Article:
We’ve created a structure that stays the same each year, but the content changes, keeping it fresh, exciting and relevant. We come into your classroom once a week for 10 weeks. At the conclusion of each ten week session, a group of peers comes together to share the work that they created collegially. The students have expanded their connection to community by going to that institution and having your work presented there. There are three 10-week sessions per year. The structure becomes familiar but we invigorate them every year with new content.
In this election year, two of our partners are the Los Angeles Public Library and TaskForce PR, which is a communications agency run by Yosi Sergant who worked with artist Shepard Fairey on the “HOPE” poster. The theme is going to be civic engagement; how can our students have a voice in that very important conversation? How can an artist play a part in encouraging that conversation and giving it a shape? Whether it’s spoken word, painting, silk screening or music, it’s a manifestation of the student voice related to this timely topic and then the students’ work will be presented at the library.
In our work at NAC, we talk a lot about Howard Gardner’s theory of multiple intelligences. In your program are you reaching kids who have a predisposition toward the arts or do you find that your program reaches all kinds of learners?
Education should offer each student multiple ways of thinking so that they’re exercising multiple parts of their brain. Our partner continuation high school classrooms often have one or two teachers and their pedagogical structure is sometimes isolated. By bringing students the opportunity to work with artists encourages them to think in a way that they maybe haven’t been encouraged to think before.
A lot of our kids have never had an art class. I think a lot of them are different thinkers and that’s why they didn’t fit into the traditional educational system—that’s why the system failed them. So exposing them to artists and encouraging them to explore in a different way will help inform whatever pathway they take in their future.
Any final words?
Our goal is to create a replicable model—an education model driven by creativity and the arts. We want to create arts academies that focus on music, media arts, fashion, gaming/coding and design. We have seen the power of the arts to re-engage our student population, not only in the arts, but in all of their classes. By re-engaging them in their education, we are helping them reclaim their future.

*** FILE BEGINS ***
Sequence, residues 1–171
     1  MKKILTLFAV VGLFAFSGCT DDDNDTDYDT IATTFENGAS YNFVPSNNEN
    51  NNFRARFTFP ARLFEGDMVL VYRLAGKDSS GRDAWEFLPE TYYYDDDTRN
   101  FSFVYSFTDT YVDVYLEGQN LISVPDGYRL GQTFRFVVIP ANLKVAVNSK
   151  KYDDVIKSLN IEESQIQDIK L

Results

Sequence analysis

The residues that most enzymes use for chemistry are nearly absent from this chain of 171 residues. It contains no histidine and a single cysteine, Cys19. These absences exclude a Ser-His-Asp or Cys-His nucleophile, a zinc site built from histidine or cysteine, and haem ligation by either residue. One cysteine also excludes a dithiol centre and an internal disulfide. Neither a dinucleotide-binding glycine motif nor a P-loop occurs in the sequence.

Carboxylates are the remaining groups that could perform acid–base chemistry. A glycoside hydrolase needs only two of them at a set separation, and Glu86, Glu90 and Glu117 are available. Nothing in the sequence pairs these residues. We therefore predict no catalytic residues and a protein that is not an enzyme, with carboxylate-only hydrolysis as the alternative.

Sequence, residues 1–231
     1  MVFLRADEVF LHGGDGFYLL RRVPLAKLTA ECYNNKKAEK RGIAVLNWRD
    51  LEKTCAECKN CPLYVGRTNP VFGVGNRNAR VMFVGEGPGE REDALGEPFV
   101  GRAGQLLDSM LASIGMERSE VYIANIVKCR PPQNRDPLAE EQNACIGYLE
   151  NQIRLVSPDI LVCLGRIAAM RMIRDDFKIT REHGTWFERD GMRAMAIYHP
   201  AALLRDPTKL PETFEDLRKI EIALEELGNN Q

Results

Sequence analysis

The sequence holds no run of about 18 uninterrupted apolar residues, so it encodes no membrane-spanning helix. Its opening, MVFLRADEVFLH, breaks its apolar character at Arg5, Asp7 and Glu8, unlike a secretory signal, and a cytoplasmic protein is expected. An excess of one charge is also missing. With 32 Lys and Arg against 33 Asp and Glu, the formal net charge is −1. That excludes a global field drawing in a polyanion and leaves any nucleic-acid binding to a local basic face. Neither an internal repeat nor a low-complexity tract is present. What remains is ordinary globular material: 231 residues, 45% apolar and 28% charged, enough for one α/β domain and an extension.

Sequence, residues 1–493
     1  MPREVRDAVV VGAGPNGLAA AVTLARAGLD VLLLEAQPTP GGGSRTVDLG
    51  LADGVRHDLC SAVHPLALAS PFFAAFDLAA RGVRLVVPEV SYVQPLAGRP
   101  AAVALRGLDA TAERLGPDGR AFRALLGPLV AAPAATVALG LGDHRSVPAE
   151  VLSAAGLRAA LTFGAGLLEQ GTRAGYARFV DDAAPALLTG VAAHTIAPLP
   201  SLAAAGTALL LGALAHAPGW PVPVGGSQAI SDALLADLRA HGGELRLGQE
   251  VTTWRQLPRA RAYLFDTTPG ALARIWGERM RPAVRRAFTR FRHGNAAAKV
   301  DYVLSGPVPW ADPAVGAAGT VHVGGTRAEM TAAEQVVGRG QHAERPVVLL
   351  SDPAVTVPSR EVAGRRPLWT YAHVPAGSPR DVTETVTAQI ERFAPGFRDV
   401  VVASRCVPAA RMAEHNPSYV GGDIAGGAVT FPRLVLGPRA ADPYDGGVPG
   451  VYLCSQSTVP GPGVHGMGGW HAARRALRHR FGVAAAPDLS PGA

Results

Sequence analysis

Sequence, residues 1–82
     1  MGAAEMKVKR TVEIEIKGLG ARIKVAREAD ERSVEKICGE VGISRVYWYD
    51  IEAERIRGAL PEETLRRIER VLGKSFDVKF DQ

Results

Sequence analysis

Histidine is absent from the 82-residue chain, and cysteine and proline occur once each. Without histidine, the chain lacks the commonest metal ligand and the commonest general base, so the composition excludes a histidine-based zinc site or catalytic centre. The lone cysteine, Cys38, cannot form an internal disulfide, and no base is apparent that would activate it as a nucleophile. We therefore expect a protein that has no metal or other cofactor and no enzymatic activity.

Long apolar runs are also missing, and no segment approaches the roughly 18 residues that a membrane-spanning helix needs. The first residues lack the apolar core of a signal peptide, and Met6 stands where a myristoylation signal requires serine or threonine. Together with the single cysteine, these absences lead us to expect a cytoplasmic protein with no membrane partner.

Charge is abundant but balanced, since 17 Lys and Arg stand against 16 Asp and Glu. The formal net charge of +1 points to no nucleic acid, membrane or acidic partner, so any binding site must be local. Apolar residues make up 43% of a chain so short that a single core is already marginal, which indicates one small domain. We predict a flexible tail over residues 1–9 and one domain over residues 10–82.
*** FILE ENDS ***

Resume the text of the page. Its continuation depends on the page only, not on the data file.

From all of us at NAC, good luck in the XQ Super School competition!
Cynthia Campoy Brophy
Cynthia founded The HeArt Project (now artworxLA) in 1992 by bringing arts workshops to one teen community center. Prior to this, she was publicist for The Museum of Contemporary Art from 1986 - 1990. Cynthia completed her undergraduate studies at UCLA and is a graduate of the Coro Southern California Arts Leadership Fellows program, the recipient of the 1997 Vision Award recognizing social entrepreneurial leaders, and was a fellow with the Eureka Foundation. She served as a member of the Los Angeles County Arts Education Program Advisory Group that developed Arts for All: Los Angeles County Regional Blueprint for Arts Education. In 2003, she participated in the Los Angeles County Arts Commission’s Arts Leadership Initiative Executive Learning Group and was one of 46 individuals from around the country selected to attend the Stanford Graduate School of Business Executive Program for Nonprofit Leaders in the Arts. In 2005, she participated on the Los Angeles Unified School District’s Options Task Force, charged with evaluating the effectiveness of the nation’s largest dropout and recovery program. From 2004 - 2006, she was appointed by the Speaker of the California State Assembly to serve on the Board of the California Cultural and Historical Endowment, created to administer Proposition 40 funds dedicated to preserving historic and cultural resources. She has also served as Chair of the Board of Directors for Arts for LA, an arts advocacy non-profit. In 2013, she was awarded a Durfee Sabbatical from the Durfee Foundation in recognition of her leadership in arts education.